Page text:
In-building amenities like pools, basketball courts, and business centers are common among new rental and condo developments nowadays, and the implicit sales pitch is often that the perks make up for small apartment sizes. So if it comes right down to it: Would you rather live in a compact apartment in an amenity-filled building, or a large apartment in a building with zero amenities?
We posed the question to five New Yorkers this week.
Here's what they had to say:
Give me big over bells and whistles
"I won’t use most of the amenities anyway, and amenities have a way of fading away, falling into disrepair, or costing money in the future."—John Lee, Upper West Side (pictured below)
Large prewar, please
"I’d prefer a large apartment in an old prewar [building] than a small apartment with lots of amenities. Space is an amenity in New York, and it’s way more of a luxury than a doorman or a gym (that you end up having to pay extra for anyway!)."—Alicia Stetzer, Hamilton Heights
Tired of tracking lost packages
"Considering [that] my current living arrangement is a small apartment and no amenities, this is a tough call because both are tempting. Though I’d love to be able to host apartment dinner parties for more than two friends, I think I’d rather have a small apartment with building amenities so that I could spend less time tracking down lost packages and taking trips to the laundromat. Does this mean I’d have a rooftop pool, too?"—Kendra Lied, Yorkville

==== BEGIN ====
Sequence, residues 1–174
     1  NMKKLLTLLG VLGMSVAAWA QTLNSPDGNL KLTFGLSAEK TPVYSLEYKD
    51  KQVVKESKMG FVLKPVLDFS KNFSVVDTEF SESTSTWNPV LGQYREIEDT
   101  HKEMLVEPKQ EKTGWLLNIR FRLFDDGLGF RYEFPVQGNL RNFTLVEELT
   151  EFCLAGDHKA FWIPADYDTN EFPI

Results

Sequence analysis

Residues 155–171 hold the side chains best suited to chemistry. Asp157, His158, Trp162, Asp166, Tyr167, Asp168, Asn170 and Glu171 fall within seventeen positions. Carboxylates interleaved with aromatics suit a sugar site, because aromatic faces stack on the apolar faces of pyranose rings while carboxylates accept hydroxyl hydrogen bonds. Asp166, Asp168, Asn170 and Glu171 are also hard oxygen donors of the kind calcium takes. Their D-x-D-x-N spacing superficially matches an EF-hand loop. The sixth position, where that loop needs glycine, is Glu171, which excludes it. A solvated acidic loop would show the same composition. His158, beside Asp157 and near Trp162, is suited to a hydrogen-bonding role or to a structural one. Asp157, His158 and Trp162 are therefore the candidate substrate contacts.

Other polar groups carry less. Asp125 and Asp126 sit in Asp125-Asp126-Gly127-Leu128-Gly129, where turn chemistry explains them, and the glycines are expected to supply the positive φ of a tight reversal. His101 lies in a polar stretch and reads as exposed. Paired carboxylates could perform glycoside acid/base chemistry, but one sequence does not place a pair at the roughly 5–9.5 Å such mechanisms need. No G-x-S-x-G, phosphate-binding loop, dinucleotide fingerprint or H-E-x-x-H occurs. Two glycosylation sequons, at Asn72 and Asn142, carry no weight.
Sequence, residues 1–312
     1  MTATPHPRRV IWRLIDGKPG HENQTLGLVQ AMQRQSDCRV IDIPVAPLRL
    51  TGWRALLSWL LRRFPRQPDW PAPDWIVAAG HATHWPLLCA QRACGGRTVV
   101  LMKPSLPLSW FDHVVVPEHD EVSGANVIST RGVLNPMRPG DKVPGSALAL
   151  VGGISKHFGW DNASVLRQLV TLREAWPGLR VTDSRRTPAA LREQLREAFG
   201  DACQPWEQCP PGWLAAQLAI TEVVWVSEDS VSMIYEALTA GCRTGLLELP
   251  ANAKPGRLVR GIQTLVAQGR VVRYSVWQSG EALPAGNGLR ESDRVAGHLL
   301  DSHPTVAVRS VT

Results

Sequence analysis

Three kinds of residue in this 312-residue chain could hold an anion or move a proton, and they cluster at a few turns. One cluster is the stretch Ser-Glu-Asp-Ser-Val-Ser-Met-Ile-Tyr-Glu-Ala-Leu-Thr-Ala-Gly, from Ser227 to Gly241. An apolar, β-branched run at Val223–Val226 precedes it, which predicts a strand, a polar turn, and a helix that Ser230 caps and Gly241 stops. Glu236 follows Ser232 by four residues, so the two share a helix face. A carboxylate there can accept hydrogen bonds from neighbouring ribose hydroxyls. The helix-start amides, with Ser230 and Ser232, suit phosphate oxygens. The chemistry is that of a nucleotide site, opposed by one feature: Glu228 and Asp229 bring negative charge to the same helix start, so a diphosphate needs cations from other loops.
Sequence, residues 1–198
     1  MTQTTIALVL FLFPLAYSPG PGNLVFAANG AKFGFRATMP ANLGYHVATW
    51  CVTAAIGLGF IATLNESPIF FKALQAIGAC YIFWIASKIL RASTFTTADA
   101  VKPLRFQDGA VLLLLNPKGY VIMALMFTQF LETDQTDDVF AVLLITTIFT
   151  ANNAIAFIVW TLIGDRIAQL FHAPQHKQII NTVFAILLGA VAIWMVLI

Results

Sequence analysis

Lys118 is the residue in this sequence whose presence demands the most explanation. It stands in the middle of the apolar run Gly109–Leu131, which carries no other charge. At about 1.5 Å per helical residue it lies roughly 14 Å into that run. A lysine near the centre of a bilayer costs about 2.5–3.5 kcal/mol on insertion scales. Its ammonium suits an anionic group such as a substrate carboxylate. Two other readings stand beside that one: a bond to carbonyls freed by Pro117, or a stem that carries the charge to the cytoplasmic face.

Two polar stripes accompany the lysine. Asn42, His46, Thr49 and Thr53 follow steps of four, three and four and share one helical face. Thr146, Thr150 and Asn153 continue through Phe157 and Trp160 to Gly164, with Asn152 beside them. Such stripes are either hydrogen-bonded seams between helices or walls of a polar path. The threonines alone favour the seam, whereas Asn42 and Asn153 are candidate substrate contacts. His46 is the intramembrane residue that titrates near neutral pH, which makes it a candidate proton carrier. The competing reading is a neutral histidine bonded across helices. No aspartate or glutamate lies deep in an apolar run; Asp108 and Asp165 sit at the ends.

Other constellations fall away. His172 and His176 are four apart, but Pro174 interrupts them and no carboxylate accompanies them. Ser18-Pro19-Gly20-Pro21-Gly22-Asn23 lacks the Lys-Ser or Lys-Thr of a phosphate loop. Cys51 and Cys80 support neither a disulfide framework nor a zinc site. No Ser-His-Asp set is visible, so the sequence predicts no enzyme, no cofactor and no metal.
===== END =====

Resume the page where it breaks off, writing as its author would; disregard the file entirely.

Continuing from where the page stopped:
Not much for in-building socializing
"I would much rather live in a large apartment with zero amenities. Interacting with others in communal spaces is something I (and many New Yorkers) try to avoid at all costs."—Jacqueline Manley, Upper East Side
Size doesn't matter
"I would rather live in a small apartment in a building with a lot of amenities, because sometimes there are things that matter more than size does! While my current apartment is not that big, my building has a gym and rooftop, which definitely makes up for it."—Jessica Van Horn, Midtown East
The verdict: It’s a close call but for a majority of these folks, amenities aren’t nearly as important as a big place to call home.
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